Well. I’m not sure how to say this but the goat’s milk I’ve been promising EVERY ONE I know that it ISN’T goaty…has been…well…goat-y! So goaty that my kids wouldn’t drink it. If you’re not sure what goaty is, I’ve heard it described as pungent and musky.
I know. I promised. I told wonderful stories of our first taste of goat’s milk and how much like cow’s milk it was. It was true. The whole time we had goat’s milk last year it was wonderful. Honestly. It’s still true. I swears.
So, I’m thinking, “What happened?!” Why are our goats giving goaty flavored milk?
Our two does gave birth at the end of March. We’ve been milking them consistently since then. At first I thought it was just one doe, Nina. Maybe Nina’s milk just wasn’t that great, ya know? There was this extra flavor to it. I wouldn’t even consider that it was goaty. I tasted the other goat’s milk. It was good. Then a few days later I tasted a funny taste in her milk.
At first I thought it was their hay. It’s a teff grass hay I almost got arrested trying to bring home from Quincy, WA. Ok, well, that’s not really true. I was pulled over and given several warnings. YIKES. It was right in front of the Costco gas station, too. So, when I finally made it over there to get gas I had to explain to a bunch of people who were watching why I got pulled over.
The officer pointed out that I didn’t have right mirrors. They are supposed to stick out farther when you have a wide load like I did. Also, apparently the registration for the truck is supposed to be for more weight. I can just make a phone call to the DOL and raise it to 10,000 lbs.
It was an awful experience. I don’t like driving much to begin with. I strapped that load on with every ratcheting strap we owned. I drove REALLY carefully and used the shoulder every time anyone came up behind me so that I didn’t slow anyone down. But I knew I could manage. I’m a big girl. And of course, my husband told me he could do it on the weekend but I insisted I was ok. And then I got pulled over. And, worst of all, the goats HATED the hay. I normally buy my hay locally but my supplier was all out.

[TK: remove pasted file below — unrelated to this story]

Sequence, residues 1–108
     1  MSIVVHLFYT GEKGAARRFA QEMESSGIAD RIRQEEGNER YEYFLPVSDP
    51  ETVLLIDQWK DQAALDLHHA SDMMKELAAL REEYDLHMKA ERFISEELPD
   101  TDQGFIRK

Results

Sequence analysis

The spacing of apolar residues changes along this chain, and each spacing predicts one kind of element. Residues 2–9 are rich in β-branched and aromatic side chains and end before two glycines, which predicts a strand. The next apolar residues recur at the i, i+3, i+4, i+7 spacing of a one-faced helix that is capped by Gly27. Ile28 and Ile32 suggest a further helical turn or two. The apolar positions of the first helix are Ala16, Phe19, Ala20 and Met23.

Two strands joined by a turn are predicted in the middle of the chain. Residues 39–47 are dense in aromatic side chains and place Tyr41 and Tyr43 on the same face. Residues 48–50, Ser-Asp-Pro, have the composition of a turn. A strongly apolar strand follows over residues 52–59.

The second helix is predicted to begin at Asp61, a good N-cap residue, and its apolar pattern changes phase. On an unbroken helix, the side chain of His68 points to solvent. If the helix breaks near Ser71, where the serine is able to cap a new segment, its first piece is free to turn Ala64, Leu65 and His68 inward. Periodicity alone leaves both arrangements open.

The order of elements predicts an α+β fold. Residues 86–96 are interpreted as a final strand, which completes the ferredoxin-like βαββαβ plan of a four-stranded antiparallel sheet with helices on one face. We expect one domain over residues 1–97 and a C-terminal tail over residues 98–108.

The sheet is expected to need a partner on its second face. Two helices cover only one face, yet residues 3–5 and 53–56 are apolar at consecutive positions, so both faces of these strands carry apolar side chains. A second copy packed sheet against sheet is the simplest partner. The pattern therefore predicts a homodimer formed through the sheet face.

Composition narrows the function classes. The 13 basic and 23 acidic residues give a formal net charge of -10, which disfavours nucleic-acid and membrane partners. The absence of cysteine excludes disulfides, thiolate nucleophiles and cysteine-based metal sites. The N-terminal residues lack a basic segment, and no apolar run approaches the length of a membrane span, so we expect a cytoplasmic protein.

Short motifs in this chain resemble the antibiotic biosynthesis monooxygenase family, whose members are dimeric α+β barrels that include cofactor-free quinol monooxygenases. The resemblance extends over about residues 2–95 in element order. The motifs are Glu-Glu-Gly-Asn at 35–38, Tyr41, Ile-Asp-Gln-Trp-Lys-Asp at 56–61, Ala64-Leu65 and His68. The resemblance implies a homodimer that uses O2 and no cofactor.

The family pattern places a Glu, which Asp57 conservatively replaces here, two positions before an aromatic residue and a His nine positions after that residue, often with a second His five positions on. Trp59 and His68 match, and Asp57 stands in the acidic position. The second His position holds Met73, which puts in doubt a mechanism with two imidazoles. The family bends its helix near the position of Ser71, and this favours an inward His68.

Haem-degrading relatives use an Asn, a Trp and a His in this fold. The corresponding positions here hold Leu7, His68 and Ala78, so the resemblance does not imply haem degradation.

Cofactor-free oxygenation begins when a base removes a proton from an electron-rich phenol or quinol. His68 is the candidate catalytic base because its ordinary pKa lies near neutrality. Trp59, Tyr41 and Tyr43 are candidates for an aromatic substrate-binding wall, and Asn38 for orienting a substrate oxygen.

Anyway, back to the milk. I was worried the milk wasn’t that good because of that blasted hay that the goats were barely eating. By the way, if anyone tells you goats will eat anything, they don’t know what they are talking about. Goats are the pickiest eaters I have ever come across.
I also did some more reading on proper milk handling. I found a great list to follow to keep your goat’s milk from having off flavors.
1. Don’t keep a buck close to your does-CHECK
2. Use seamless stainless steel equipment-CHECK
3. Follow proper sanitary procedures for milking-CHECK. I start by wiping my doe’s udder with a clean cloth and warm water that has a few drops of soap. Then I squirt a couple streams of milk from each teat into a separate container to check for mastitis. When I’m done milking I dip her teats in a 50/50 iodine solution and let them air dry.
4. Rinse all equipment with cold water and wash with hot-CHECK .
5. Filter as soon as possible-CHECK. I use a reusable coffee filter like this for my milk.
6. Store the milk in glass jars-CHECK.
7. Get it cold as fast as possible. I can’t completely check this one off. I do store it in quart jars which I think help it cool pretty fast. I could put it in the freezer for an hour before storing in the fridge. UPDATE: My new method is to use an ice bath to cool the milk. See this post for more info: Why I Pulled All Our Raw Milk and Started Over
8. Keep the milk between 35 and 38 degrees F. Ok, this one I cannot verify. I’m sure my regular fridge isn’t quite this cold. I have begun looking for a used mini-fridge to buy. My only thought was that when we had goat’s milk before I never had a special fridge and it was just fine. But, I will consider this option.
9. A couple of times a month you should clean your glass milk storage jars with 2 Tbsps of 3 % hydrogen peroxide. I haven’t tried this yet but I will.
Another option I thought was that maybe my milking equipment had some built up milkstone on it. Milkstone is a buildup of minerals and protein. It happens even when you use good stainless steel. I good method to keep it in check is to rinse all your stuff with cold water. I do this immediately after filtering the milk. But, just in case, I ordered a foaming acid detergent for rinsing my equipment once a week to see if that helps.
It’s also really important to keep your milking area clean. My husband made a great little milking stand last year and I began painting it but didn’t finish it in time. I was going to put on a coat of glossy white paint that would be easy to wipe down every day. So, since I’m deep into the milking schedule and don’t have time to let paint dry, I bought a little roll of carpet runner for around $5. It works great for the wall and the stand. It’s awesome. The goats don’t slip and I can wipe the whole area down.
So, guess what? Just this week (It’s April 22 and we’ve been milking the goats for about 3 weeks now) the milk is tasting normal again. And, not just normal but DELICIOUS. Just how we remembered it from our experience with goat’s milk last year. Even the kids said, “Yum! Can I have another glass?”
My conclusion is that it was being affected by the colostrum that does (and other animals) produce for their babies. I read here that it doesn’t taste good.
So, now I will go back to bragging up goat’s milk. YAY! I mean, seriously, it’s amazing. You gotta try it 🙂